Weekly Fishing Report – Central South Island Region - 05-03-2020
About this time last year, we re-introduced the seldom targeted sports fish tench to Centennial Park Lake in Timaru.
Right: Fish & Game Officer Hamish Stevens displays a Centennial Park tench-Credit R Adams
Here’s a link to the story of that re-introduction.
We are keen to see how successful the release was and would be grateful to receive angling reports from anyone that has fished at Centennial Park Lake this season, email: email@example.com or ph. 036158400.
If you want to learn a little bit more about tench fishing in the CSI Region link through to this report I put together a few years back.
Also, in the most recent issue of Fish & Game magazine, page 88, local tench fishing enthusiast Dave Merritt details how to use trout fishing tackle to target tench.
Our advice before fishing any new waterway or methods is to check out the online version of the regulation guide, there are some unique regulations in place for designated course fishing water like Centennial Park Lake.
The sea-run salmon season is in its final weeks so keep and eye on the river conditions and find your moment to have a crack.
Fish & Game Ranger Stephen Newberry found a rare window of opportunity to go trout fishing on the Waitaki River last Friday when flows dropped to around 350 cumecs.
Fishing near SH1 on a light spin set-up, with a black and gold soft bait on a ¼ ounce jig head, he fished the drop-offs.
He caught two rainbow trout around two pounds and a solid sea-run salmon he estimated to be in the 10-12-pounds size range.
If you intend to fish the lower parts of the Waitaki River, a flow of less than 350 cumecs is best.
Waitaki River flow information is found on the ECan river flows website.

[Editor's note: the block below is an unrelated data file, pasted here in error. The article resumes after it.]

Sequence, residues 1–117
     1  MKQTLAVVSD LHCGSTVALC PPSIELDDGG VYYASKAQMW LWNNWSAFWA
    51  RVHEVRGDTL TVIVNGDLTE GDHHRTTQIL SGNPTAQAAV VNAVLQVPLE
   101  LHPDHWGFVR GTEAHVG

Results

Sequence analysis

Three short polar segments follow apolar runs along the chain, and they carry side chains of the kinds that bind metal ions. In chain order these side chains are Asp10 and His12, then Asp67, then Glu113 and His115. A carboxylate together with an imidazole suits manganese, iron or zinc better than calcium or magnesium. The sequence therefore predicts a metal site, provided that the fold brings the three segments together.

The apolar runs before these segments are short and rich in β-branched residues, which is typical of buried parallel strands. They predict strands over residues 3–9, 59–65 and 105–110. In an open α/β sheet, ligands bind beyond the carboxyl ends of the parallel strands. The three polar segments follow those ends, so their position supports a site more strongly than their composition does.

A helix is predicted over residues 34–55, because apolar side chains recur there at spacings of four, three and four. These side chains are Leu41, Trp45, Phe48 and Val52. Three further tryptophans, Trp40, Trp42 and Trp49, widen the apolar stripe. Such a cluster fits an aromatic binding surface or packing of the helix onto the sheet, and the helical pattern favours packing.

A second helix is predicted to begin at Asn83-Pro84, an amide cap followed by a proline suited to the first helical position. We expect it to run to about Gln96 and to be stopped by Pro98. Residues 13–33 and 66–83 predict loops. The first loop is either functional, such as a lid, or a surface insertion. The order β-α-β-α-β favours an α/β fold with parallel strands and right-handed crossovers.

If the Waitaki flow is over 350 cumecs you’re best to head up to Kurow and try one of the access points listed in our Waitaki access brochure.
Waitaki River flows below 350 cumecs have been a rarity this season as there has been several big rain events in the high country and it pays to have a plan B in the area.
Waitaki flows are likely to remain high for the rest of March.
There have been a notable number of large salmon caught in the Waitaki lakes, including Lake Waitaki this season – probably due to them migrating downstream from Lake Benmore during spilling.
Lake Waitaki and Aviemore will be worth a crack if the river is too high, try up near the dams.
Also, Bells and Bortons ponds offer a relaxed spot to fish when the Waitaki River is high but will carry the same water clarity.
You can find out where these ponds are in our Waitaki access brochure.
The Rangitata may be a bit high this weekend too after another small rain event on Wednesday.
Keep an eye on the ECan river flow website for the Rangitata River.
My take on interpreting the Rangitata flows for this season is that it is best below 90 cumecs for salmon fishing.
You might get a more accurate interpretation from the crew at McKinnons Hatchery if you attend their fin clipping day – see the notice board below.
There are other minor sea-run salmon fisheries in our region worth a cast, like the Opihi, Orari and Ashburton Rivers.
Finally, in this report, a quick tip.
If you are fly fishing a river in March and come across a mayfly hatch and lots of rising trout, but you just can’t catch get any of them to take your dry flies, try a cdc emerger pattern, they have worked well for me.
They do get damaged easily and become waterlogged, so it pays to treat them with floatant and have a few “reserves” in your fly box.
McKinnon’s hatchery fin clipping
Members of the public are welcome to assist with fin clipping salmon smolt at McKinnon’s Creek Hatchery on the 7th of March.
Meet at George Road at 10am and bring your lunch.
George Road is located off Orton Rangitata Mouth Road, about 3.5km before you reach the South Side Huts at the Rangitata River mouth.
Waitaki Catchment riverbed weed spraying
ECan are planning to undertake riverbed spraying of weeds like gorse, broom, alder and willow to help manage the flood carrying capacity of the rivers.
The helicopter spraying is likely to occur from mid-February to mid-March, weather and river flow permitting.
Target areas: Tekapo River (delta to Edwards Stream confluence), Pukaki River (Tekapo River confluence up to pylons), Upper Ohau River, Waitaki River (Otekaieke to above Kurow).
ECan contact: Sam Kidner 027 304 4255.
Rhys Adams, Central South Island Fish & Game Officer
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